The baby box
The light that glows from the window of Joosarang church in a back alley of Seoul might seem unremarkable, but for dozens of children every year, it signals the start of a new life.
The church is home to a 'baby box' where mothers can leave unwanted infants – and the number of newborns abandoned there has been increasing month by month.
SOUTH KOREA "BABY BOX" PASTOR SAYS NEW LAW BRINGS MORE BABIES
A South Korean pastor who runs a "baby box" where mothers can leave unwanted infants has seen a sharp increase in the number of newborns being left there because, the pastor says, of a new law aimed at protecting the rights of children.
South Korea is trying to shed a reputation of being a source of babies for adoption by people abroad. It is encouraging domestic adoption and tightening up the process of a child's transfer from birth mother to adoptive parents.
The law that took effect in August is aimed at ensuring adoption is more transparent and makes it mandatory for parents to register newborns if they want to give them up.
But the regulation aimed at seeing more thorough records are kept, though well intentioned, has sparked a surge of undocumented babies being abandoned, said Pastor Lee Jong-rak.
"If you look at the letters that mothers leave with their babies, they say they have nowhere to go, and it's because of the new law," Lee told Reuters. Lee, who opened his "baby box" for unwanted infants three years ago, said he had seen the number being left there shoot up from an average of five a month to ten in August and 14 in September.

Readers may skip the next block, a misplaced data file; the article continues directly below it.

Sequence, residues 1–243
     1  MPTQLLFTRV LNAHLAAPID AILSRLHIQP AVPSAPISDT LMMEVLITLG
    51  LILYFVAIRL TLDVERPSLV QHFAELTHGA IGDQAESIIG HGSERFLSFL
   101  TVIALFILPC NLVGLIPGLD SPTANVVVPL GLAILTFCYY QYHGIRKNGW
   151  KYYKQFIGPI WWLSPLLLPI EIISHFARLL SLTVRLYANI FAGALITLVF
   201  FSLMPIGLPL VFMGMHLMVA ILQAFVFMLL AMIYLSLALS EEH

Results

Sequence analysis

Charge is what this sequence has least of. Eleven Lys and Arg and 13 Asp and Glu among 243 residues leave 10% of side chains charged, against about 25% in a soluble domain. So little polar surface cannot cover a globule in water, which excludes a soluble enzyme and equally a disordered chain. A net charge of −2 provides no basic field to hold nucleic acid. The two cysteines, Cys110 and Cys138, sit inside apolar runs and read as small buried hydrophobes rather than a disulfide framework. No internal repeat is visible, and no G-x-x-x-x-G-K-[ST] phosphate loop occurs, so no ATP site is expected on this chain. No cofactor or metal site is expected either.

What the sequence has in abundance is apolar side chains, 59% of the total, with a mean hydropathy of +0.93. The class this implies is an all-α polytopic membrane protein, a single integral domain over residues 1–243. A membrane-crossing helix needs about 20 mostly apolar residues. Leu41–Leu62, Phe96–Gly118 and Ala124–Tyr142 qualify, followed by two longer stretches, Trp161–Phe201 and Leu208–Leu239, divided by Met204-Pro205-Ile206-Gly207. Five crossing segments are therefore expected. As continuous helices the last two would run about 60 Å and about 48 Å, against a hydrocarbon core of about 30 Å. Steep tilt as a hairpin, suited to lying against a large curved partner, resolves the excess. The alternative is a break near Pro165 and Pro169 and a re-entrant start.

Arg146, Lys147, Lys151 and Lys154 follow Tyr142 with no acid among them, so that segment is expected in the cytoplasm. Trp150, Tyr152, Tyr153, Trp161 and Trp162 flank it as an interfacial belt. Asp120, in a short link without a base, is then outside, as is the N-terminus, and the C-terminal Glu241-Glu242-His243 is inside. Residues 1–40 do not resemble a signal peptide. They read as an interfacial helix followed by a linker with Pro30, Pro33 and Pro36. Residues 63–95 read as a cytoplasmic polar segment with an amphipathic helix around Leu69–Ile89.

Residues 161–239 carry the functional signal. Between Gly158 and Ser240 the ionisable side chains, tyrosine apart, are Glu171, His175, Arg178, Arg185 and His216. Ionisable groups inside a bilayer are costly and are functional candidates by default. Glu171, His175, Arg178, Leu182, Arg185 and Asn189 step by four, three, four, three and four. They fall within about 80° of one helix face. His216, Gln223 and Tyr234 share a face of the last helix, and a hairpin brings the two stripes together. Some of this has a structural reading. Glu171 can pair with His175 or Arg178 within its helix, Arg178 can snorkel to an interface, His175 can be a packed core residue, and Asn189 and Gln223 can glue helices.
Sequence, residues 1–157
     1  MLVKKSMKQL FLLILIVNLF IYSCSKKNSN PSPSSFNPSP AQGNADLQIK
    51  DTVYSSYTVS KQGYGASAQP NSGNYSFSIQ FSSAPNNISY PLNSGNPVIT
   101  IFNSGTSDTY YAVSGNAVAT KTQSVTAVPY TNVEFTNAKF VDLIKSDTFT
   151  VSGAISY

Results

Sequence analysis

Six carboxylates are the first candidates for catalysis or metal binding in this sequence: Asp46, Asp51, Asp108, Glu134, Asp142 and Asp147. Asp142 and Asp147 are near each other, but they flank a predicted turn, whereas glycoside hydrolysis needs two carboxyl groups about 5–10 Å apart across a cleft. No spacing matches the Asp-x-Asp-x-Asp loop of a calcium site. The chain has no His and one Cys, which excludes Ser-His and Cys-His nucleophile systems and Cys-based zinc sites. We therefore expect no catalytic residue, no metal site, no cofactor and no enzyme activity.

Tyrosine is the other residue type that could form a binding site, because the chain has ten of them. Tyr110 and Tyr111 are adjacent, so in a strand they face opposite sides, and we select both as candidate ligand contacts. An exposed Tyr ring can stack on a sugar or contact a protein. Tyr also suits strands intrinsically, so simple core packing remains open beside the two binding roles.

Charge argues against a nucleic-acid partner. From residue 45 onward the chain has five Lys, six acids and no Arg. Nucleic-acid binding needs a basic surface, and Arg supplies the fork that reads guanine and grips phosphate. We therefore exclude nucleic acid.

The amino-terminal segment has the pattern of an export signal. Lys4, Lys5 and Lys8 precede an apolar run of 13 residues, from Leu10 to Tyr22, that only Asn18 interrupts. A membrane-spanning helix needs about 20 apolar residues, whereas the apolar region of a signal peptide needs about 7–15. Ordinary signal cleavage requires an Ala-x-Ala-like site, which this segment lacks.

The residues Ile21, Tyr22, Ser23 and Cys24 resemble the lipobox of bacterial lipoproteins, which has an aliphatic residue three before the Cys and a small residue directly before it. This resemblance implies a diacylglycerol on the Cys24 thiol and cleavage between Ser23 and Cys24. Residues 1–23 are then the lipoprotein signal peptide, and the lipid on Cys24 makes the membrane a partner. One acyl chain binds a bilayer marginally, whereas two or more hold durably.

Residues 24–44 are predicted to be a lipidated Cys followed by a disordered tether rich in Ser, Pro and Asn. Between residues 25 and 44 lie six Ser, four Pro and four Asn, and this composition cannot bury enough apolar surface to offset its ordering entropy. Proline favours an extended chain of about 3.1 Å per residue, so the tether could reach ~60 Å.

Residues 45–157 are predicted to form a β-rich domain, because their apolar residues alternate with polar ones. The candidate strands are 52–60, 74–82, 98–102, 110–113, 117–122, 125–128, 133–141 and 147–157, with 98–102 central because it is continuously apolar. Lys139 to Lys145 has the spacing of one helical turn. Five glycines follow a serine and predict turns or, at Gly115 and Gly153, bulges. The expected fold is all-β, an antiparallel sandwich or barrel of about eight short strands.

Despite the new law, Lee said he never forced mothers to provide information about the babies they leave in the box, built into the wall of his church in Nangok, a tough working-class neighbourhood in the capital, Seoul.
Many of the babies abandoned in the box have physical or mental disabilities. Lee has adopted 10 of them himself and is in the process of adopting four more.
On a recent sunny afternoon, a bell rang in his church to signal a new baby had been left in the box, a boy about two weeks old wrapped in a blanket.
"In the past, babies used to be abandoned at night but nowadays babies are abandoned in the daytime as well," Lee said with a sigh.
At the moment, Lee is looking after 20 children, aged between two and 26, in his cramped two-storey house. Among them, his own son.
But a Ministry of Health and Welfare official questioned Lee's assertion that the new law had led to more babies being dropped in the box.
"It's hard to say there's a specific causal relationship between the law and babies being abandoned in the box," said the official, who declined to be identified. "The sudden surge of the babies could be due to many reasons."
Lee has been criticised by some people who say his box encourages desperate mothers to give up their babies. But Lee says he will not close the box until he was sure the government can offer adequate protection for the abandoned children.